Soup vs Stew: What’s the Difference?

Soup vs Stew: What’s the Difference?

Soup vs Stew: What's the Difference?

What is the difference between soup and stew? The most common explanation makes a simple distinction based on the amount of liquid in the dish. The theory goes that if there is more liquid it is a soup and if there is less liquid it is a stew. However, when labeling a soup or stew, the cooking methods are key.

Soup vs Stew

Using the popular liquid distinction, soups and stews represent distinct points on a single “thickness” continuum, with thin broths and clear noodle soups at one end and thick, hearty beef stews at the other. The problem with this idea is that it's impossible to pinpoint the exact thickness (or lack thereof) that marks the boundary between soup and stew.

If you can't define the difference, the words “soup” and “stew” no longer have any meaning for each other. A soup is just a thin stew, and a stew is just a thick soup. Luckily we can Distinguish between soup and stew by looking at the cooking method used to prepare them. Soups are boiled while stews are stewed.

what is soup

There are two broad categories of soups: clear soups and thick soups. In general, the basic method for preparing all soups is to start with a liquid and add the ingredients. In general, all soups are cooked without a lid.

Clear soups

Clear soups include dishes such as vegetable soup, chicken noodle soup, and beef barley soup. They are made of clear broth or broth and are unthickened. Usually, they are prepared by sautéing or sautéing flavorful ingredients like onions and celery, then adding the broth or broth, and then adding the rest of the ingredients. The soup is simmered until the vegetables are cooked, and cooked meat is added at the end (although fish and seafood, which cook quickly, can be added raw). The cooking time is generally relatively short.

thick soups

Thick soups include cream soups, pureed soups, bean soups, chowders, bisque soups, and some chillies. Cream soups are made with either velouté sauce, béchamel sauce, or with broth thickened with roux or a pureed main ingredient such as potatoes, broccoli, or mushrooms, and finished off with heavy cream or an egg and cream mixture called a liaison.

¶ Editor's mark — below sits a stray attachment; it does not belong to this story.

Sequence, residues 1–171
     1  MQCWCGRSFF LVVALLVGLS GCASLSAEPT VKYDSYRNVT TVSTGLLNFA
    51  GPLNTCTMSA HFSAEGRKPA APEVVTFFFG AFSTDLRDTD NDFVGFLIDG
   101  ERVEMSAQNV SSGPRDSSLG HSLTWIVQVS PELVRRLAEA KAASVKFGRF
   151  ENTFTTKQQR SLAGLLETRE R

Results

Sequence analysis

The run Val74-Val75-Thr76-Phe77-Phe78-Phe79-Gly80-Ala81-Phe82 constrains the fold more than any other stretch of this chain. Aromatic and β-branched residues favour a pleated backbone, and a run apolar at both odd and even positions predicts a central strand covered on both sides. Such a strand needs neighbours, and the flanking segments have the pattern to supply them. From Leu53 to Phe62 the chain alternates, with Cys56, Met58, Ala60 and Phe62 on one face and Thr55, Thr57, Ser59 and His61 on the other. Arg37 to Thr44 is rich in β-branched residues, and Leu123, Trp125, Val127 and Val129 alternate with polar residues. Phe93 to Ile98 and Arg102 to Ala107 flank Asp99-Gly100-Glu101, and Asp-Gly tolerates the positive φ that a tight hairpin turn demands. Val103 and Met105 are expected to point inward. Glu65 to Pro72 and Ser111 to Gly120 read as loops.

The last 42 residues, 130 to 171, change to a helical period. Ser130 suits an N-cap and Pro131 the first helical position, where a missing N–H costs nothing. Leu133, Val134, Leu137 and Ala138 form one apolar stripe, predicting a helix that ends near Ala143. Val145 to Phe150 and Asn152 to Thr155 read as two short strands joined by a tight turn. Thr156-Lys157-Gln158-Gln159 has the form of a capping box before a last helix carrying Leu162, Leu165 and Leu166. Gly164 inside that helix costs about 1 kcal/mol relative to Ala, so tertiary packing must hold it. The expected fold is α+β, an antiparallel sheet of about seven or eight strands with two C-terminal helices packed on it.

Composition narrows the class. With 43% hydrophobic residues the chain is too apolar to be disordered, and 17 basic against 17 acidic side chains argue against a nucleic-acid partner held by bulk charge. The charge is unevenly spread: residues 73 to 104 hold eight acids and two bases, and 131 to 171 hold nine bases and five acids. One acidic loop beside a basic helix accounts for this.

Pureed soups are similar to cream soups, but instead of being thickened by adding starch, their consistency comes from the starches in the ingredients themselves, such as carrots, potatoes, or rice, and they are pureed before serving.

Chowders are almost always made with potatoes and milk and some type of fish or shellfish, and are usually chunky. Biscuit cream soups are made by boiling the shells of crustaceans and adding milk or cream. Bean soups are prepared in essentially the same way as clear soups, but because the starch in legumes thickens the soup and they have longer cooking times, they are considered thick and not clear.

What is stew?

Stew is made using a cooking technique called braising. From a culinary point of view, the words “stew” and “stew” actually mean the same thing. Braising is a moist heat cooking technique that breaks down tough cuts of meat, making them tender and juicy. This is done over low heat for a relatively long period of time in a saucepan with a lid, either on the stovetop or in the oven.

Meats such as ground beef, short ribs, brisket, oxtail, pork shoulder, and lamb shanks make excellent stews, as do dark-colored chicken cuts such as thighs and drumsticks. Depending on the meat, the cooking time can vary from one to several hours.

Traditionally, the meat is first browned in hot fat before being either partially or fully covered in broth or other flavorful liquid and flavorings and spices and cooked at a low temperature, ideally between 205 and 210 F. Connective tissue in the meat breaks down and turns into Collagen, which thickens and adds richness to the cooking liquid. Sometimes the meat is dusted with flour before browning, which provides extra thickening.

If you're making stew instead of pot roast, cut the meat into smaller pieces, but the cooking method is the same. Vegetables like carrots and potatoes are added towards the end of the cooking time so they don't get mushy.

What about chili?

Chili is a special case that can fit into either or both categories depending on how the meat is prepared. Sometimes chili is prepared by stewing a large piece of beef, such as beef jerky or beef chunks, and adding the beans and other ingredients at the end. In this case it is a stew.

Other chili recipes consist of ground beef that is seared on the stove and then the liquid and other ingredients are added. In this case, it's soup.

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